The end of science-fiction

Breaking through

I’m currently engaged in writing a science-fiction novel with my father. It’s a fun thing to do together when you live eight time zones apart.

As part of the process, I’m educating my father on the latest happenings in science, and futurism… It’s an interesting time for certain.

Science-fiction is reaching an end. Why? Because the future is becoming more and more unpredictable. That is due to Moore’s Law: Density of electonic circuits doubles, at the same price, every 18 months. An exponential acceleration, not a linear one. This “Law” doesn’t apply only to computers, but also to sciences that have “virtualized”: Biochemistry, genetics, nanotechnology, physics. And of course, it also applies to all our informational exchanges, which are an ever-increasing part of our economies and our lives.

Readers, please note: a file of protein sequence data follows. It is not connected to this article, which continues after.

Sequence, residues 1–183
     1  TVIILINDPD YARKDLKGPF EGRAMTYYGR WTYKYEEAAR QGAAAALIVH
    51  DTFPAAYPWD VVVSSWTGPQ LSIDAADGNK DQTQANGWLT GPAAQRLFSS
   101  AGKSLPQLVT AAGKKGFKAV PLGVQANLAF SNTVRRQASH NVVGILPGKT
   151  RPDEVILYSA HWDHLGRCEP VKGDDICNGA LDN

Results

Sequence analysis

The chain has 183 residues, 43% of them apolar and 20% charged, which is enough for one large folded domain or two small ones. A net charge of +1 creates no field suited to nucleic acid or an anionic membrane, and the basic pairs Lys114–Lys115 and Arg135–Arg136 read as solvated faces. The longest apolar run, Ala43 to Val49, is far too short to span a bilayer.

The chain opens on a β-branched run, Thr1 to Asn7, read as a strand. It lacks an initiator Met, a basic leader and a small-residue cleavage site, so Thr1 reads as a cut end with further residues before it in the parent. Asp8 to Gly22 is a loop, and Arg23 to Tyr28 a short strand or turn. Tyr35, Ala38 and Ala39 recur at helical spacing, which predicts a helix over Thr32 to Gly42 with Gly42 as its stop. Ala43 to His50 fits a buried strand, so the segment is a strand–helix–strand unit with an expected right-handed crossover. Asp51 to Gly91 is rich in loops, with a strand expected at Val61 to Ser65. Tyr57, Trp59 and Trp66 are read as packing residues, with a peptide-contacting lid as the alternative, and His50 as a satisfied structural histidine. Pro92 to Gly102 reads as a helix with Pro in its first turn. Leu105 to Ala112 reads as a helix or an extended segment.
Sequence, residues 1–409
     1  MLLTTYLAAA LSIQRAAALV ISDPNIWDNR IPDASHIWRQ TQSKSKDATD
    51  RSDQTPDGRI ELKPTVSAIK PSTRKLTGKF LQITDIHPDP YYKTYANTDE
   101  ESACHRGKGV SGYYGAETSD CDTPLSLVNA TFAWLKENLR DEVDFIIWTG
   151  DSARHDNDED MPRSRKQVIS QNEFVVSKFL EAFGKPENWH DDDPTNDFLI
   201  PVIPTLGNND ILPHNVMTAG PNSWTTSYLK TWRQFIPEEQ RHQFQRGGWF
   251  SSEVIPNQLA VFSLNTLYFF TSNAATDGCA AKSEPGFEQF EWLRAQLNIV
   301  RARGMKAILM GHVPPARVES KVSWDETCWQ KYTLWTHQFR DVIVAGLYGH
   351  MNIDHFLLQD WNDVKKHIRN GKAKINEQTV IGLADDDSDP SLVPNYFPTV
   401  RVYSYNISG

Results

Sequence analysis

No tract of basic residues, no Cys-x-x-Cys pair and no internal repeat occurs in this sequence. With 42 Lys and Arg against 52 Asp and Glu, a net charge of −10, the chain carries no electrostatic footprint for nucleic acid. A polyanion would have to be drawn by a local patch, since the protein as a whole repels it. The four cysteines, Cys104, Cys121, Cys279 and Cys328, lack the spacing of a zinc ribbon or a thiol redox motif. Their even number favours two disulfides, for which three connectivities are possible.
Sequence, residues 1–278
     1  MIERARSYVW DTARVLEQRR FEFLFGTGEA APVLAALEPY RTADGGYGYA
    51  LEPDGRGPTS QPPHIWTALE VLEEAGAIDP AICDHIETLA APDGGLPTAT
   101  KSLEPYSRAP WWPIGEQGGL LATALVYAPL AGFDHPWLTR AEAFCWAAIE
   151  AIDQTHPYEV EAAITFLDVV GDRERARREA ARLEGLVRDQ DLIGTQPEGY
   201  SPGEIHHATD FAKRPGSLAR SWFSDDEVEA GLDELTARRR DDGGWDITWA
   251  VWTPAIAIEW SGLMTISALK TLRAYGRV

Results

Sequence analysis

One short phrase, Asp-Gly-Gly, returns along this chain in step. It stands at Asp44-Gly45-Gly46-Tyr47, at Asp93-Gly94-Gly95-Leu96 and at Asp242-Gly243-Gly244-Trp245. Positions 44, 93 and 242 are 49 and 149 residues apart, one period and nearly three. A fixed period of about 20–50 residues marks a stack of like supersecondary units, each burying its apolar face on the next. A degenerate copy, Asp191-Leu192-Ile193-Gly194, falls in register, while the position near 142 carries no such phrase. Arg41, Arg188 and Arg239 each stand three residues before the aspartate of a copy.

This means that all these fields already accelerate faster than is conceivable. The scientists for whom it’s daily work are themselves stunned by the speed of discovery, and feel old at 30, because they have a hard time staying on the cutting edge.
For instance: The 15-year human genome project had only decoded 1% of the genome at the half-way mark, 7 years in. That meant it was on track, since the researchers were able to double their performance every year. Indeed, the human genome was decoded early, and under budget.
Therefore, science-fiction has a few more years, after which point humanity will be so transformed that it will become unintelligible to a modern human: Longevity measured in centuries, direct brain-network interface, genetic-self-manipulation, conquest of impulses and emotions… all of this directly undermines what constitutes the human experience: The terrifying certainty of death, individuality, immutability of the body, passion and desire… After a certain point (commonly called “the Singularity”), we go from humans to “transhumans”, super-intelligent, non-individual, immortal, therefore without sex, children, fear, or risk. It’s impossible to imagine what will motivate and animate them, and it’s probably not very relatable.
So, in sci-fi, it’s best to keep to the next ten to twenty-five years… after that, who knows?

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